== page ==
From 8-10 March, Cape Town played host to Open Education Global (#OEGlobal2017), an international conference organised by the Open Education Consortium. Over the 3-day jam-packed initiative, more than 200 delegates from 47 countries engaged in the conference as a place to “discuss, plan, reflect, collaborate, innovate and celebrate openness in education”.
During his opening speech at the conference Dr Max Price, Vice-Chancellor of the University of Cape Town (UCT), emphasised the need for “free decolonised quality” education. Although the importance of open education was clear in his speech, Dr Price highlighted big challenges faced in open education (OE). He stressed the need for OE researchers to focus on finding why access and uptake of open education resources (OER) are not living up to the expectations.
A similar sentiment was expressed by second keynote speaker, Professor Narend Barijnath, CEO of the Council on Higher Education in South Africa who presented the idea that knowledge is a ‘human right” and “public good” and shouldn’t be available to only those who can afford it. While ubiquitous access to education may be the ultimate goal of OE, it faces many challenges, especially in developing countries, where data costs are high and access to technology is limited. Another concern is the quality of the OER produced.
— Tasneem Jaffer (@NoobPrincess) March 8, 2017
Despite these challenges, many universities have committed themselves to producing content that can be shared freely. As Professor Barijnath said in his speech “OER are here to stay!”. One of the ways this is being accomplished is through Massive Open Online Courses (MOOCs). As part of the MOOC implementation team at the UCT’s, Centre for Innovation in Learning and Teaching, I chose to attend a number of presentations around MOOCs, to understand how MOOCs are being utilised in other contexts.
Besides being a conference participant, I presented on my master’s research. In my presentation entitled, “‘I don’t always wrap MOOCs but when I do…’ – Improving postgraduate students experiences of MOOCS as OERs through facilitation and face-to-face contact” I shared insights into using MOOCs in a blended environment in a postgraduate student setting at UCT. According to my research, even with the use of voluntary local face-to-face facilitator and peer groups, students still struggle with the independent learning that MOOCs often require. The study foregrounded the importance and benefits of face-to-face contact, particularly around the social space, where students are able to have “real” and immediate discussions.
I attended a collaborative session titled “Third Mission of Universities, MOOCs and OERs” which included research from Paola Corti, Cable Green, Joseph Pickett, Rory Mc Greal and Jane-Frances Agbu. Paola Curti presented on the research of Jane-Francis Agbu (who was unable to attend), that foregrounded the issue of the shortage of space in Nigerian universities for high school graduates. While 1.4 million youth qualify for university entrance, there are only 400 000 spaces available. To fill the gap for students who were not able to get a place at the university, a year long MOOC, “The History and Philosophy of Science” was run in collaboration with the Indian Institute of Technology Kanpur. The findings of this study were unexpected; it found that the MOOC missed its intended target audience, as of the 401 participants, 56% were well-educated – having completed a postgraduate degree! This resonates with much of global MOOC research, where MOOC participants are commonly found to be degree-holders.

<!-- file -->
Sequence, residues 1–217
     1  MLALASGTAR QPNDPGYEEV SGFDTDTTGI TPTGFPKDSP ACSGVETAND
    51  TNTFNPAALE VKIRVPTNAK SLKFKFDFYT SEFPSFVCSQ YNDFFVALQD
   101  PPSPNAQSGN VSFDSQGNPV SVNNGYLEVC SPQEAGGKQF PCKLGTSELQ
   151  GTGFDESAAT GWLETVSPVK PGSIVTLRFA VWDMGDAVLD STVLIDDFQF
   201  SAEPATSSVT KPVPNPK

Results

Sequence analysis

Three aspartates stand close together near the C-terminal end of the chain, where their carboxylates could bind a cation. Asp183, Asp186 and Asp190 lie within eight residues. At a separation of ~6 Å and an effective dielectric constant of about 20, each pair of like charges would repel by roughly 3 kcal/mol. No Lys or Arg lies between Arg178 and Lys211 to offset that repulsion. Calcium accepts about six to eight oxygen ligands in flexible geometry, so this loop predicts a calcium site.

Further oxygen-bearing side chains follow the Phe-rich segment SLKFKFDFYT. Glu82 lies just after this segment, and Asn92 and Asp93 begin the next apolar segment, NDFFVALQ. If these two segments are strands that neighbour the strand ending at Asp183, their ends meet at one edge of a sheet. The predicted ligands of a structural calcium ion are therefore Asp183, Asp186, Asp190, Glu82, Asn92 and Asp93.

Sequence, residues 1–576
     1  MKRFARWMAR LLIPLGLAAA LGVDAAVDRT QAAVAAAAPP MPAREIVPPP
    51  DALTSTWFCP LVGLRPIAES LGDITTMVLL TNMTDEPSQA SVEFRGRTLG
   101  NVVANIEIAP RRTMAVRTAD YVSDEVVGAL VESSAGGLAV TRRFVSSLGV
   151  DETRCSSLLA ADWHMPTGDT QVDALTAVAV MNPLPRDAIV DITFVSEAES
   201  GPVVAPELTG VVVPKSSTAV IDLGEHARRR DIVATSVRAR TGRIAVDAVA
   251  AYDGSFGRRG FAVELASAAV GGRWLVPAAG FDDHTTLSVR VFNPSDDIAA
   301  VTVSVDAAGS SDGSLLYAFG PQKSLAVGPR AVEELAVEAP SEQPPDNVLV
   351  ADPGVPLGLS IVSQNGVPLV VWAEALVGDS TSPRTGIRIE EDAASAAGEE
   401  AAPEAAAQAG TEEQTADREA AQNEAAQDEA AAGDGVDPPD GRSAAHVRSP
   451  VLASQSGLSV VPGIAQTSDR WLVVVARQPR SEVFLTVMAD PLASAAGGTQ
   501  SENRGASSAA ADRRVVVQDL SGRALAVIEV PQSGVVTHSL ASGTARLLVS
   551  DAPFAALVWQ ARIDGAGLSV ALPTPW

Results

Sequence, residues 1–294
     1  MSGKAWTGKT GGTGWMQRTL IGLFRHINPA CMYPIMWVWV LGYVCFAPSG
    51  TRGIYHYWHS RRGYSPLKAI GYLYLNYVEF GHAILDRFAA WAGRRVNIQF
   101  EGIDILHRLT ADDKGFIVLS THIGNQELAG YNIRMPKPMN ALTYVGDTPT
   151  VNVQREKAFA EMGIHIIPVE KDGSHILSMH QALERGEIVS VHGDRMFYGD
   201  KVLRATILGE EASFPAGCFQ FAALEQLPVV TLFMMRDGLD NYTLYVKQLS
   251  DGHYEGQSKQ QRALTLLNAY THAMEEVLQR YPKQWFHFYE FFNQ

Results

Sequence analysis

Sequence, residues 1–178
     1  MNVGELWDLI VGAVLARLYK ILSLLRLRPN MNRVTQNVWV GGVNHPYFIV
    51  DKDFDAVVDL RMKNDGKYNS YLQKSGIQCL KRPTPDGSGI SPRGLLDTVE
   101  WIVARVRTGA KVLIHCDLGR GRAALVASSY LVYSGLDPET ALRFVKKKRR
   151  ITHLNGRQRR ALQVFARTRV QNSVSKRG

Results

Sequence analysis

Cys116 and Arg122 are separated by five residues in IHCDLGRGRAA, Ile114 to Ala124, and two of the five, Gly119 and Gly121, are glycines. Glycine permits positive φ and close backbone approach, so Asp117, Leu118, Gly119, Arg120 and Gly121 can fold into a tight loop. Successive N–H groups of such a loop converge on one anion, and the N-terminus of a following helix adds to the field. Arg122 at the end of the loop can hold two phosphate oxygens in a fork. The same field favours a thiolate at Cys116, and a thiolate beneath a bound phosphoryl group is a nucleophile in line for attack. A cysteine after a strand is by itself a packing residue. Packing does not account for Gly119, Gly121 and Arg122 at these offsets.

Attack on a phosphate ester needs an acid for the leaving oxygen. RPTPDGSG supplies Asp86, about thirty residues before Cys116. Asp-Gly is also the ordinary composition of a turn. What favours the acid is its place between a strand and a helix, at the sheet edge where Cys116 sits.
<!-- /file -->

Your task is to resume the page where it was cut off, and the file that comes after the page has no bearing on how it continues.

Another MOOC-related presentation was an Action Lab by colleagues in CILT around the idea of Making Use of MOOCs. Drawing on examples of how MOOCs, both at the level of individual materials and used as a whole or part of a course, are being deployed for a variety of educational purposes, this workshop explored the development of a framework for MOOC re-use.
In addition to MOOCs there were also presentations on other prominent projects incorporating OERs. One such project is the Research on Open Educational Resources for Development project (ROER4D) which presented its work and research on the adoption and impact of OER and associated practices in the Global South (see blog post).
The examples described above are a just a few of the research projects and initiatives taking place in OE around the world which were showcased at the conference. While OEGlobal2017 demonstrated that open education continues to be on the rise, it also highlighted that there are still a number of challenges it faces along the way.